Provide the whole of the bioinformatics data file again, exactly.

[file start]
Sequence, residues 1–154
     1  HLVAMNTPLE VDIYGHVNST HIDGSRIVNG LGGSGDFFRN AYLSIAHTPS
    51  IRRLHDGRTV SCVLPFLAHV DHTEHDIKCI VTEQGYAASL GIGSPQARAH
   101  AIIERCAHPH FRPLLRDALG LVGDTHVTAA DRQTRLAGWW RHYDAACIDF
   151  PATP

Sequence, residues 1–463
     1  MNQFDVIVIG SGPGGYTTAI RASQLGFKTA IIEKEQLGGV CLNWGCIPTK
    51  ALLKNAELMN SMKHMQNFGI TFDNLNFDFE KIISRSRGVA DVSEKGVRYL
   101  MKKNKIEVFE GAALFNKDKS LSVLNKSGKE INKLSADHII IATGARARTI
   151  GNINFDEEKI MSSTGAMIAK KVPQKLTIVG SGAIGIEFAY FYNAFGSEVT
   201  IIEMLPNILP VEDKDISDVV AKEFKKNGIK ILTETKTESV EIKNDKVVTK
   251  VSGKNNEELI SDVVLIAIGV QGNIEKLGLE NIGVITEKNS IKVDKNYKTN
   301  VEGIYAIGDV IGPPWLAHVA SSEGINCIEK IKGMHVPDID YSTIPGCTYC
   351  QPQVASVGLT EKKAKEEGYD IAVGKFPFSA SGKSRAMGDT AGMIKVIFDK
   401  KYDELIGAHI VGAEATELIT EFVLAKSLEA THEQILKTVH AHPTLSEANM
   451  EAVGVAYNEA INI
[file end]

Sequence, residues 1–154
     1  HLVAMNTPLE VDIYGHVNST HIDGSRIVNG LGGSGDFFRN AYLSIAHTPS
    51  IRRLHDGRTV SCVLPFLAHV DHTEHDIKCI VTEQGYAASL GIGSPQARAH
   101  AIIERCAHPH FRPLLRDALG LVGDTHVTAA DRQTRLAGWW RHYDAACIDF
   151  PATP

Sequence, residues 1–463
     1  MNQFDVIVIG SGPGGYTTAI RASQLGFKTA IIEKEQLGGV CLNWGCIPTK
    51  ALLKNAELMN SMKHMQNFGI TFDNLNFDFE KIISRSRGVA DVSEKGVRYL
   101  MKKNKIEVFE GAALFNKDKS LSVLNKSGKE INKLSADHII IATGARARTI
   151  GNINFDEEKI MSSTGAMIAK KVPQKLTIVG SGAIGIEFAY FYNAFGSEVT
   201  IIEMLPNILP VEDKDISDVV AKEFKKNGIK ILTETKTESV EIKNDKVVTK
   251  VSGKNNEELI SDVVLIAIGV QGNIEKLGLE NIGVITEKNS IKVDKNYKTN
   301  VEGIYAIGDV IGPPWLAHVA SSEGINCIEK IKGMHVPDID YSTIPGCTYC
   351  QPQVASVGLT EKKAKEEGYD IAVGKFPFSA SGKSRAMGDT AGMIKVIFDK
   401  KYDELIGAHI VGAEATELIT EFVLAKSLEA THEQILKTVH AHPTLSEANM
   451  EAVGVAYNEA INI